Guidance

Coronavirus: MOTs due from 30 March 2020

Your car, van or motorcycle’s MOT expiry date will be extended by 6 months if it’s due between 30 March 2020 and 31 July 2020.

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This page tells you about the extension of MOT expiry dates because of coronavirus.

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MOT expiry dates are being extended by 6 months to help prevent the spread of coronavirus (COVID-19).

Eligibility

Your MOT certificate will be extended by 6 months if it expires on or after 30 March 2020 and up to and including 31 July 2020, and your vehicle is a:

There are different rules if your MOT expiry date was on or before 29 March 2020.

First MOT due

The extension also applies to these types of vehicles that are due their first MOT test between 30 March 2020 and 31 July 2020.

MOT due on or after 1 August 2020

Your MOT certificate will not be extended if your vehicle’s MOT expires on or after 1 August 2020. You must book an MOT as usual.

MOT centres are open now for you to get an MOT.

You can get an MOT up to a month (minus a day) before it runs out and keep the same renewal date.

Example If your MOT runs out on 2 August, the earliest you can get an MOT to keep the same renewal date for next year is 3 July.

When you should not take your vehicle for its MOT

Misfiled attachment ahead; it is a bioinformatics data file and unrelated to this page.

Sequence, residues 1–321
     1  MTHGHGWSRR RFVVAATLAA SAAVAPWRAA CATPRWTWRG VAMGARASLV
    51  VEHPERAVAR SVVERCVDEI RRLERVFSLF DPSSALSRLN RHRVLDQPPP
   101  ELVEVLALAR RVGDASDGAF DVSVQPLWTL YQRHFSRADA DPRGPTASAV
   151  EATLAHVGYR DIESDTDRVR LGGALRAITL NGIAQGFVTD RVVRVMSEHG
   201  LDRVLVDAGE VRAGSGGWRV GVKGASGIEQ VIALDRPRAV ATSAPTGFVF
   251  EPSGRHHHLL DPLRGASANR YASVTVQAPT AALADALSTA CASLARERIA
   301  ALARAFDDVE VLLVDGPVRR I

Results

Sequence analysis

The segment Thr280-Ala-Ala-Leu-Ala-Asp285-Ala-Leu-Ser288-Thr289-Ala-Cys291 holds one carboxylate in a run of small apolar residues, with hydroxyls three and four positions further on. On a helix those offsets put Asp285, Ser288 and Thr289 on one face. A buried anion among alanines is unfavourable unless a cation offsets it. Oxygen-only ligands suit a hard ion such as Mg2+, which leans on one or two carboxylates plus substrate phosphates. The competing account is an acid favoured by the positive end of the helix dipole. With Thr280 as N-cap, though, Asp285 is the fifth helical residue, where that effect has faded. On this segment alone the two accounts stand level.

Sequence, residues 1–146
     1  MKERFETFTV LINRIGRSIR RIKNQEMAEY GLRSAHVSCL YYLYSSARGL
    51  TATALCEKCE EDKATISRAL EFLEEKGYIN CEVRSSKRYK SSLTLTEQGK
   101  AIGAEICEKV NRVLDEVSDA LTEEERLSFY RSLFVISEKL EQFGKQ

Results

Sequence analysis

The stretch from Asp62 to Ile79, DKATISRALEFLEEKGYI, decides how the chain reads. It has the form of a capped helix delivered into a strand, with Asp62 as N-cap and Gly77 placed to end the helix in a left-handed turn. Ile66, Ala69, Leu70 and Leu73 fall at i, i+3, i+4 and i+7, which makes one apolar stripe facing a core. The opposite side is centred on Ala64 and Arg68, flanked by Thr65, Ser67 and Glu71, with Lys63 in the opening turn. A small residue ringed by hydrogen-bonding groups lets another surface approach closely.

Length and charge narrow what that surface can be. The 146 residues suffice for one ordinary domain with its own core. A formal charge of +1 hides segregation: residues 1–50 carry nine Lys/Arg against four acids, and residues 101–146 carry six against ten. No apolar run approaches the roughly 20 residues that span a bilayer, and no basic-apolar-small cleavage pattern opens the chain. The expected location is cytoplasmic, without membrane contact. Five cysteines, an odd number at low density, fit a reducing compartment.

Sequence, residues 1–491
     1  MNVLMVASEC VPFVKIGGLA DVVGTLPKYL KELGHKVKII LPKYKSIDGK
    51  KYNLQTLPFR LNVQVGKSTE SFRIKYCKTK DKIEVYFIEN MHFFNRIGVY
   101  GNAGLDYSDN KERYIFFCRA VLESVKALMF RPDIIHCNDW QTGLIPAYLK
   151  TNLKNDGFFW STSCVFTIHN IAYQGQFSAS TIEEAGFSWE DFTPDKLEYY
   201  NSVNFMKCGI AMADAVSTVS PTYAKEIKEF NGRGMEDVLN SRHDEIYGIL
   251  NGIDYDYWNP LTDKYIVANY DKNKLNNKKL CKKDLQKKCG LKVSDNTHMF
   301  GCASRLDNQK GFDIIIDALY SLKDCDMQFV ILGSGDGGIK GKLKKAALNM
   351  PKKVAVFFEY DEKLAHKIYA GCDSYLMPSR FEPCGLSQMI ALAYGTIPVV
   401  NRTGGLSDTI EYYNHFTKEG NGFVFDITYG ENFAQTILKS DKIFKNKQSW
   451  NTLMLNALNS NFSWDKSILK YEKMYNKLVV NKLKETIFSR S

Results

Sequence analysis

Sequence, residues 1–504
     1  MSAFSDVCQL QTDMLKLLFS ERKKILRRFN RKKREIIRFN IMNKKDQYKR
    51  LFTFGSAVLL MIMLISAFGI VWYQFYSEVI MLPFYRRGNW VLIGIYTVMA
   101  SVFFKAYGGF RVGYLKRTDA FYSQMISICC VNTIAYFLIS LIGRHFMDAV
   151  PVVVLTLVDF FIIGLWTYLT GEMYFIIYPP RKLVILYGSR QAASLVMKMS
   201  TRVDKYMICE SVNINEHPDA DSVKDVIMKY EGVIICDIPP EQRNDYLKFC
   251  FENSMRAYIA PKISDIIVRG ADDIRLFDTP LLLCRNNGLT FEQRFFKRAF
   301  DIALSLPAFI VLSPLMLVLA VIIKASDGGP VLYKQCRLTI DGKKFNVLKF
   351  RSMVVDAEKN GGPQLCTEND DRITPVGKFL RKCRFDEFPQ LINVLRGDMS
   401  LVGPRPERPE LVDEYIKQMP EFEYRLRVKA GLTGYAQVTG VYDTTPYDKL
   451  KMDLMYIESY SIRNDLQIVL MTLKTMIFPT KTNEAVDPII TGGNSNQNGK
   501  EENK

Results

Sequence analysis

You should not take your vehicle for its MOT if either:

  • you’re self-isolating as you or someone you live with has coronavirus symptoms
  • you’re being advised to shield as you are extremely vulnerable from coronavirus - there’s different guidance for shielding for England, Scotland and Wales

Some MOT centres will collect your vehicle, carry out an MOT, and return it if you’re being shielded. Contact your local MOT centres to find out if they offer this service.

You can register your vehicle as off the road (SORN) if you cannot take your vehicle for its MOT and your vehicle tax is due to run out.

You need to do this because you need a valid MOT (unless your vehicle is exempt) to renew your vehicle tax.

The Department for Transport is working with insurers and the police to make sure you are not unfairly penalised for not being able to get an MOT.

When you’re no longer self-isolating or being shielded

You must not drive your vehicle before you take it to its MOT.

  1. Book your MOT test.

  2. Tax your vehicle when it has passed its MOT. Only do this if you had to register it as off the road.

How the 6-month extension works

Your vehicle’s MOT expiry date will be automatically extended by 6 months if it’s eligible. This will be done about 7 days before it’s due to expire.

This means that:

  • your vehicle will still have a valid MOT certificate for an extra 6 months
  • you can still tax your vehicle - you might need to wait to do this until later in the month if both your MOT and vehicle tax run out this month
  • your insurance will still be valid
  • your vehicle’s record will be updated so the police can see you have a valid MOT